Posted By Michael on January 8, 2012
Last night I was browsing through questions on Stack Overflow when I came across the statement “I don’t want to use any modules, I want to learn.” I would counter with: learn to use modules.
Reading this actually took me back to my early days of programming and falling into a very similar trap. It’s true that when you use modules you are now depending on someone else’s code and it does create a dependency, but installing perl modules is extremely simple and they can be used without root or admin access on a system so they should not be a roadblock in making code useful. The one area of caution would be in using a module that does a lot for something very simple. If you simply want to extract a list of file extensions from an array of file names, you probably don’t need to use File::PathInfo, although you could.
If you’re curious about how a module works open it up and look at the code. Most of the best things I’ve learned about programming have come from looking at how other people do things. If you find something the could be improved, don’t abandon the module. Instead, fix it and offer the patch to the author. If it’s merged in then you’ve contributed back to the Perl community and everyone benefits!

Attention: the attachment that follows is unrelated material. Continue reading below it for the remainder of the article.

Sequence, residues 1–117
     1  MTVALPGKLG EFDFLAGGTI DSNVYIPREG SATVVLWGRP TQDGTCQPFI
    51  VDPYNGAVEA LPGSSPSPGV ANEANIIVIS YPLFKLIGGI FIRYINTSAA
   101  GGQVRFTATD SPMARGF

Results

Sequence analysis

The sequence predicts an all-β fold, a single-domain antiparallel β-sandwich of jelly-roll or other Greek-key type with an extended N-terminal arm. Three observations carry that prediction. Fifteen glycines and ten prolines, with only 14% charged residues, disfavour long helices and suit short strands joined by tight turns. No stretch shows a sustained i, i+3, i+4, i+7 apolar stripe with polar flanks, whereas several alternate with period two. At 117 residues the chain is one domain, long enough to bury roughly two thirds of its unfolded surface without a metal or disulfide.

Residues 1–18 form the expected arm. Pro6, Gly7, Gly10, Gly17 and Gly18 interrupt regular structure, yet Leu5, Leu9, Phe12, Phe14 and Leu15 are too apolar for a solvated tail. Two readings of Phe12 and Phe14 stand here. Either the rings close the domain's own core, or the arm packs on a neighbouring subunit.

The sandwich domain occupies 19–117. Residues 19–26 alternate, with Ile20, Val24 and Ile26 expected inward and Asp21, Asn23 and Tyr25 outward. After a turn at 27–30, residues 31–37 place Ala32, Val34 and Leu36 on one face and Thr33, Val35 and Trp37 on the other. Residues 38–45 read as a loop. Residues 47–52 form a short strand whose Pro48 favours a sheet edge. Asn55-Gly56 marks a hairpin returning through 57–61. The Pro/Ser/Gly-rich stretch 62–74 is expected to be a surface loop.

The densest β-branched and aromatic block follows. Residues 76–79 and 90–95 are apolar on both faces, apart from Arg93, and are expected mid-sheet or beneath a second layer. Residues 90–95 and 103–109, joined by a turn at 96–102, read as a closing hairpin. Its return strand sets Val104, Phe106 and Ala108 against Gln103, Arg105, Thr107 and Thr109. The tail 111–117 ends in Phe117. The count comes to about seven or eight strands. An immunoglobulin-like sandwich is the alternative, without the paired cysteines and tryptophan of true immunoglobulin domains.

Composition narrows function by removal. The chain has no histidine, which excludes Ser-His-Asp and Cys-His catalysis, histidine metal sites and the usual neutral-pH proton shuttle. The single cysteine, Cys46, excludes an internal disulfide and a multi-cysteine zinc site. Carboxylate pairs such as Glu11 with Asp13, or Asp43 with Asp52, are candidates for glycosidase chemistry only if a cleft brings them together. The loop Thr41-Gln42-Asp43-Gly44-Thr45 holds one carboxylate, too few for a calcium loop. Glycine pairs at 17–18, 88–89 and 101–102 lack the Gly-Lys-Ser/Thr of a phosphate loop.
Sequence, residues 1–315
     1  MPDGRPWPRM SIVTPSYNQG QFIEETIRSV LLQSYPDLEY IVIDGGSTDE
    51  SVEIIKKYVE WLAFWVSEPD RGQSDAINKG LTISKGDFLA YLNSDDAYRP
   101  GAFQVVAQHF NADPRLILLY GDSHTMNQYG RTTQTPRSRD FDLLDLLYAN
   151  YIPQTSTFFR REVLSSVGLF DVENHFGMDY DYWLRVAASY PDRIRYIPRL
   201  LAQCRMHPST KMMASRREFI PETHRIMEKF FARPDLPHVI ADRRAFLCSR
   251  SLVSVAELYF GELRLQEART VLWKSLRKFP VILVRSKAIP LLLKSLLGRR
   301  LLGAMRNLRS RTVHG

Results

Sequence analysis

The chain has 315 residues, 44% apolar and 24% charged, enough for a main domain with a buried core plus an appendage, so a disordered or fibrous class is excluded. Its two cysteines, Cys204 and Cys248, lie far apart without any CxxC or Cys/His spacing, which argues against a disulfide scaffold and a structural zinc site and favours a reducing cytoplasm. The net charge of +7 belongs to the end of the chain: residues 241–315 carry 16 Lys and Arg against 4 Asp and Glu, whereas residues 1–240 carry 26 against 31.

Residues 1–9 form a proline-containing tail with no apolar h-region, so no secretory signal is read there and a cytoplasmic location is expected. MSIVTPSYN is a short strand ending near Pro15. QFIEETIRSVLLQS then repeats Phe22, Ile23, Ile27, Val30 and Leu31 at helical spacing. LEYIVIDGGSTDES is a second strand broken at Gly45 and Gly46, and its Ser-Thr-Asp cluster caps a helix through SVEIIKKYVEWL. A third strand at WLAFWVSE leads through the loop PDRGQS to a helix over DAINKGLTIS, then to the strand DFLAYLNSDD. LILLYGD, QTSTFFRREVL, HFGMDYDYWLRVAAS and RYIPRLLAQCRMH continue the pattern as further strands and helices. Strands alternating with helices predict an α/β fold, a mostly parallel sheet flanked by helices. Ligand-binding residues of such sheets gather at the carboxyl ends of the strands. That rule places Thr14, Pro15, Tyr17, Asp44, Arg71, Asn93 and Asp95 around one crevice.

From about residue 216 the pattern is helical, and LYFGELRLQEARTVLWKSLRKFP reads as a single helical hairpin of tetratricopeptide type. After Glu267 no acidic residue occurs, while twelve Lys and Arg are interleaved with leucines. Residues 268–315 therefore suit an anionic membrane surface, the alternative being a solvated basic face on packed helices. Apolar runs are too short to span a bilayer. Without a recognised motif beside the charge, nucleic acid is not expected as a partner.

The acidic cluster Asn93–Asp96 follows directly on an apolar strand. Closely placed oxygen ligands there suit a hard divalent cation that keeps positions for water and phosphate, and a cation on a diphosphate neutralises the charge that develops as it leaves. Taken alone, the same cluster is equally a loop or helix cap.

But you shouldn’t be afraid to make use of modules. Doing so is ignoring some of the best tools in your tool box. At the least it’s like avoiding the use of an electric screwdriver in favour of a hand powered one. Sure, you could do it, but it will probably cost you a lot of time and effort.